Like what you've read?

On Line Opinion is the only Australian site where you get all sides of the story. We don't
charge, but we need your support. Here�s how you can help.

  • Advertise

    We have a monthly audience of 70,000 and advertising packages from $200 a month.

  • Volunteer

    We always need commissioning editors and sub-editors.

  • Contribute

    Got something to say? Submit an essay.

 The National Forum   Donate   Your Account   On Line Opinion   Forum   Blogs   Polling   About   
On Line Opinion logo ON LINE OPINION - Australia's e-journal of social and political debate


On Line Opinion is a not-for-profit publication and relies on the generosity of its sponsors, editors and contributors. If you would like to help, contact us.


RSS 2.0

Changing the parameters of the asylum seekers debate

By Danielle Chubb - posted Monday, 27 April 2009

Kevin Rudd’s initial response to reports of the Ashmore Reef boat incident condemned the “evil trade” conducted by people smugglers - “scum of the earth” who “should all rot in jail”. He then proceeded to offer his government’s response: a “hard line, tough, targeted approach to maintaining border protection for Australia”. And thus, the parameters of public debate were set. Asylum seekers are the victims of people smugglers, who represent a real security threat to Australia.

People smuggling, however, is not a security dilemma. It is a humanitarian challenge.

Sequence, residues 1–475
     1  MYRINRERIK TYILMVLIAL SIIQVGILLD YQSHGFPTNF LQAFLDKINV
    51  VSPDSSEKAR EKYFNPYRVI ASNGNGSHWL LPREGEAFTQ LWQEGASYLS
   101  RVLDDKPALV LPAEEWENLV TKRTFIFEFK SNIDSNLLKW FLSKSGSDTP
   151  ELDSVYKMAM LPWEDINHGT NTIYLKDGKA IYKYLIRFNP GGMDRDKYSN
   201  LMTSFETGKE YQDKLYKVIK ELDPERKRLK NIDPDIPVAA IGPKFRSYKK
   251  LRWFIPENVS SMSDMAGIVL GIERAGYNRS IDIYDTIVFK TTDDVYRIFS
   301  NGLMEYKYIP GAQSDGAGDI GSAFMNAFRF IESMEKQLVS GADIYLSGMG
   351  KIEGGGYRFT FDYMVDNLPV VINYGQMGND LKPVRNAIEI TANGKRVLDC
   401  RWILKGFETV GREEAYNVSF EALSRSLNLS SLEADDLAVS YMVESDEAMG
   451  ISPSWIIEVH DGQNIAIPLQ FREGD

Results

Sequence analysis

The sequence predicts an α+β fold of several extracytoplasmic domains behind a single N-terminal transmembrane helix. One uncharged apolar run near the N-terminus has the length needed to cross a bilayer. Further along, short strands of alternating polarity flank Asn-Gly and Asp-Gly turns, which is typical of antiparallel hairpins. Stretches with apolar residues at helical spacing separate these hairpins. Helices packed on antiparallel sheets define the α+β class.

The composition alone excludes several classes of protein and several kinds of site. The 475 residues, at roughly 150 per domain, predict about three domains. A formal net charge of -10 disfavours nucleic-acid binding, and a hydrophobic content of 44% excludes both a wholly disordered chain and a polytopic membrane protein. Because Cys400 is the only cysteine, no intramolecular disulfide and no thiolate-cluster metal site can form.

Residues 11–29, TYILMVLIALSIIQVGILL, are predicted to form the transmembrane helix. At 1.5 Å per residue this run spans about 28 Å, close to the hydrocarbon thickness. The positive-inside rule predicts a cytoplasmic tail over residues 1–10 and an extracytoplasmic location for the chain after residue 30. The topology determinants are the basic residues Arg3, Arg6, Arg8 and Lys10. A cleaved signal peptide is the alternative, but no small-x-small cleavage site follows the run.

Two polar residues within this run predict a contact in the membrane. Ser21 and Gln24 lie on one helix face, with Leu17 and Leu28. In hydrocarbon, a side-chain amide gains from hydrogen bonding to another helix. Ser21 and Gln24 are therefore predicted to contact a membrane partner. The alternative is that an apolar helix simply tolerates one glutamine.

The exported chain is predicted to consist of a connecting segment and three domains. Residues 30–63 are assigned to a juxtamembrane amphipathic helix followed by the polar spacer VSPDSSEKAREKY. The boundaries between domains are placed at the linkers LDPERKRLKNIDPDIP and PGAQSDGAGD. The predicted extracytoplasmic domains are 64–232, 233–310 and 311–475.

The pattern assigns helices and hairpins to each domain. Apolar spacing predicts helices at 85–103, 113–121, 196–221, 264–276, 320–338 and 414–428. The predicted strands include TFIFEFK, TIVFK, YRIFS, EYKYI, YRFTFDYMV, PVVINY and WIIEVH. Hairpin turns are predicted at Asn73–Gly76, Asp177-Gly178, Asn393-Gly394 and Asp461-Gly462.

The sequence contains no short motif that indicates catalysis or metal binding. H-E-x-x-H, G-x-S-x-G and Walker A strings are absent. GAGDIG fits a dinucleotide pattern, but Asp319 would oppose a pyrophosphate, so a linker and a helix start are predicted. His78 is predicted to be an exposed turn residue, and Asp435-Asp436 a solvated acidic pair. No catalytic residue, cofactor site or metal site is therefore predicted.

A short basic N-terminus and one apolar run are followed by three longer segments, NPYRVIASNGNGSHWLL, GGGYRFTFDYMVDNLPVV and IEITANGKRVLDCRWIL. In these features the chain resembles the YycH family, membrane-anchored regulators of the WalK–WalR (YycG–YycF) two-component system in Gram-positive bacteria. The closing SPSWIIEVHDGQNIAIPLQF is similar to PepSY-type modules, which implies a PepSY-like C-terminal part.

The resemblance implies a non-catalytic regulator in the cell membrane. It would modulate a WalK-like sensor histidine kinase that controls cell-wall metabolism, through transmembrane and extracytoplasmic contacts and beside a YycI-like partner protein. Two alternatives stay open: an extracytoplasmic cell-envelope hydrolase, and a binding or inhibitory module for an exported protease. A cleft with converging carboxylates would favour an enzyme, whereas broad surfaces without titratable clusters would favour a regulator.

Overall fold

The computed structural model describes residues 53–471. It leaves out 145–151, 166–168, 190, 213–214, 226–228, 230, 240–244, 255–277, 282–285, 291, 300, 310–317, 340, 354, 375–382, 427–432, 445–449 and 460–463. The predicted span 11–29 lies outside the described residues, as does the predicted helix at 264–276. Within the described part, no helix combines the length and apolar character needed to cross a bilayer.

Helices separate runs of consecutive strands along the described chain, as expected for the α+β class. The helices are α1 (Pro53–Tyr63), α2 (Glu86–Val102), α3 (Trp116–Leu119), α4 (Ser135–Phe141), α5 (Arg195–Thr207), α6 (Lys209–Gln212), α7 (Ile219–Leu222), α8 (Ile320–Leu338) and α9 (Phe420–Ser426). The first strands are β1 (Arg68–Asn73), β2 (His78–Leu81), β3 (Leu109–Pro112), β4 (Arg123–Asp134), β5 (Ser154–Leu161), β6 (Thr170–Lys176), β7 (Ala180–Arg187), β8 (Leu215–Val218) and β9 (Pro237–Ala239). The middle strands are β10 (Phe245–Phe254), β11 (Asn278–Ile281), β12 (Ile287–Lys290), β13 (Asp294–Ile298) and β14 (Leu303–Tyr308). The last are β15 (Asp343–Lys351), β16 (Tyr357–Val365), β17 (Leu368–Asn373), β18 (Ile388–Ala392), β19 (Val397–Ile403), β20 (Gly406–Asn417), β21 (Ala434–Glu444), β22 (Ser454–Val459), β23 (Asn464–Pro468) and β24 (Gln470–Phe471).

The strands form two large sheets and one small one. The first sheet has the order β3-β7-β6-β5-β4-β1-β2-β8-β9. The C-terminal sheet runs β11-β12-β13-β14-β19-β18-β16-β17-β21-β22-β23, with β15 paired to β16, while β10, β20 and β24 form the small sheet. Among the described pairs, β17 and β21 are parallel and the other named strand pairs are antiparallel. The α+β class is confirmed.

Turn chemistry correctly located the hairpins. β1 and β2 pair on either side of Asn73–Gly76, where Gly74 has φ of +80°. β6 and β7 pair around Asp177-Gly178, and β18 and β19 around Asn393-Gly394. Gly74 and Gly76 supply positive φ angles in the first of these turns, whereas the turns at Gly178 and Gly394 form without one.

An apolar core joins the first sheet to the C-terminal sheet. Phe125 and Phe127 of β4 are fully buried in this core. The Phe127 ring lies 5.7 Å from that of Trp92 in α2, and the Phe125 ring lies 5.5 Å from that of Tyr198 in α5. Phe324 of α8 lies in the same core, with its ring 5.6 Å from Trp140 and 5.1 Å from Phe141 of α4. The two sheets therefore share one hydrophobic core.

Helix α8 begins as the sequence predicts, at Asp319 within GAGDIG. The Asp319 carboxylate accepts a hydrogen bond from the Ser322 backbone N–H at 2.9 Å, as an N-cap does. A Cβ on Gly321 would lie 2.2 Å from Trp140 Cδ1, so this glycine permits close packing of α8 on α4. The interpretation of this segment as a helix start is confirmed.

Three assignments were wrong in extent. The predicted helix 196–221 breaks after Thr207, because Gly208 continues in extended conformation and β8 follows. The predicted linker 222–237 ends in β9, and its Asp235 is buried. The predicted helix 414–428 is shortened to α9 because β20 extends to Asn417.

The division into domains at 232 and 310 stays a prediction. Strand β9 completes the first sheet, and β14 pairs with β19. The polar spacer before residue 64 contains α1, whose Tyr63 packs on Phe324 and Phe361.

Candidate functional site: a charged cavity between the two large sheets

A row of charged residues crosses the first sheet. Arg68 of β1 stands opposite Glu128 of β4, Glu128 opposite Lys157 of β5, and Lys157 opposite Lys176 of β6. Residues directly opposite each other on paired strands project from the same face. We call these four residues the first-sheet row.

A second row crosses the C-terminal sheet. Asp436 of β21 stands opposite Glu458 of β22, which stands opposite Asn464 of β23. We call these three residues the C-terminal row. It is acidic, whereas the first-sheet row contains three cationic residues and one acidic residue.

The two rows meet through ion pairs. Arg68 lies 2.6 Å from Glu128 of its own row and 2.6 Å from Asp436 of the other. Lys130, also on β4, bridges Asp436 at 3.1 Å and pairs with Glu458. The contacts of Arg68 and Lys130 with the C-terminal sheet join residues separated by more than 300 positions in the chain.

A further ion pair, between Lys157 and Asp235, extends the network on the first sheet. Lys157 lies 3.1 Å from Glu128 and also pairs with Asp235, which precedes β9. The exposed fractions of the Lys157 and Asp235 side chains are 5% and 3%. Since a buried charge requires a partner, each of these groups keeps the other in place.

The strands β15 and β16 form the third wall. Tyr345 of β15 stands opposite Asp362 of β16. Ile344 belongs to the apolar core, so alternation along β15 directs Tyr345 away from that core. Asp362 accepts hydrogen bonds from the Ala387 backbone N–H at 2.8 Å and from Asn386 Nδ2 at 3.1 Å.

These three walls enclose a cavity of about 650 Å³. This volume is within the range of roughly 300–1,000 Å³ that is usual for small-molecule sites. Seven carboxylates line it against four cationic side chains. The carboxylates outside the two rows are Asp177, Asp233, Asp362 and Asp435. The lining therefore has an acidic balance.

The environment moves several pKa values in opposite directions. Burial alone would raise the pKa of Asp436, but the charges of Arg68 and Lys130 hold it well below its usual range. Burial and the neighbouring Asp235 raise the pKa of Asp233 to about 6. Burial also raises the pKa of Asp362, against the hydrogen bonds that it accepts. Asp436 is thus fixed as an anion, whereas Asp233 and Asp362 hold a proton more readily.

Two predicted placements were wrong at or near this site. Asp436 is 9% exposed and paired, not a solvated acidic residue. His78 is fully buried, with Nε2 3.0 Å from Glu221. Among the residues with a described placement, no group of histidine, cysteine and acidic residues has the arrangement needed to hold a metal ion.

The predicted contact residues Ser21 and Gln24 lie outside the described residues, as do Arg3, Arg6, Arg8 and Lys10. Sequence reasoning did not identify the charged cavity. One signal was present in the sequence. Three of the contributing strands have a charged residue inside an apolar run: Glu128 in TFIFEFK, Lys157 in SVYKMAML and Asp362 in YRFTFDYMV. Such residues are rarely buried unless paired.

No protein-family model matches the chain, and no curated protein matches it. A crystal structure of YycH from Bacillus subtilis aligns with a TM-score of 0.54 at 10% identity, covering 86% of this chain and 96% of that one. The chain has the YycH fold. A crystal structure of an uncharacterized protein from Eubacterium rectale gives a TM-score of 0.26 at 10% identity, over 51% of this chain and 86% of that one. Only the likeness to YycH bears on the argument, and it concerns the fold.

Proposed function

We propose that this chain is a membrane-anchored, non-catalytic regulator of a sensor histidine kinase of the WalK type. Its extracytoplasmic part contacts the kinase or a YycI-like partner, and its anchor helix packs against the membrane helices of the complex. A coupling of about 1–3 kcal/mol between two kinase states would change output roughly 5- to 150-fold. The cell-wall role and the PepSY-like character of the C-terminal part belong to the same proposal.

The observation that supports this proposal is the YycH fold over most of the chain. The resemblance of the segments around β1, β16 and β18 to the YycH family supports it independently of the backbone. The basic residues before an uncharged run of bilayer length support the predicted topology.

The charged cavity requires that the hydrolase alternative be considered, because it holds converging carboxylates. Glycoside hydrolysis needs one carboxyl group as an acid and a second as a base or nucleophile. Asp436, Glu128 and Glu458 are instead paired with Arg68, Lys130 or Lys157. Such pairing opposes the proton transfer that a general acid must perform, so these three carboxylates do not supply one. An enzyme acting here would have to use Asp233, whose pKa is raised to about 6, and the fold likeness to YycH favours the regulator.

The smuggling of human beings across borders is an insidious trade, preying on some of the world’s most vulnerable people - those stateless, fleeing persecution. There are few who would argue with this and yet, by focusing the debate on the relative efficacy of the government’s border protection policies, the Rudd Government has adopted a line of reasoning completely out of touch with the heart of the refugee issue. Experts have long argued that asylum seekers arriving by boat do not represent a real security risk to Australia.


The Rudd Government’s overhaul of legislation relating to asylum seekers and refugees has been bold and brave, doing away with the Pacific Solution, temporary protection visas and indefinite detention. This is the first time, since making these changes, that the government has been seriously challenged on its policy decisions. Rather than standing proudly by changes that brought about a more just system, hailed by groups such as Amnesty International, our politicians have retreated to the border protection discourse that has proven so electorally successful for governments in the past.

They have failed to engage the Australian public in a productive debate regarding the very real and difficult humanitarian dilemmas that this latest tragedy involving boat people represents. If the opposition has exploited the issue, this has been made possible by a government that has bought into an old and familiar discourse.

It is one thing for the Rudd Government to enact positive policy change. It is another to successfully shift the parameters of public debate and bring about real socio-political transformation. The language used by those in positions of public authority is inordinately significant to the evolution of popular mindset.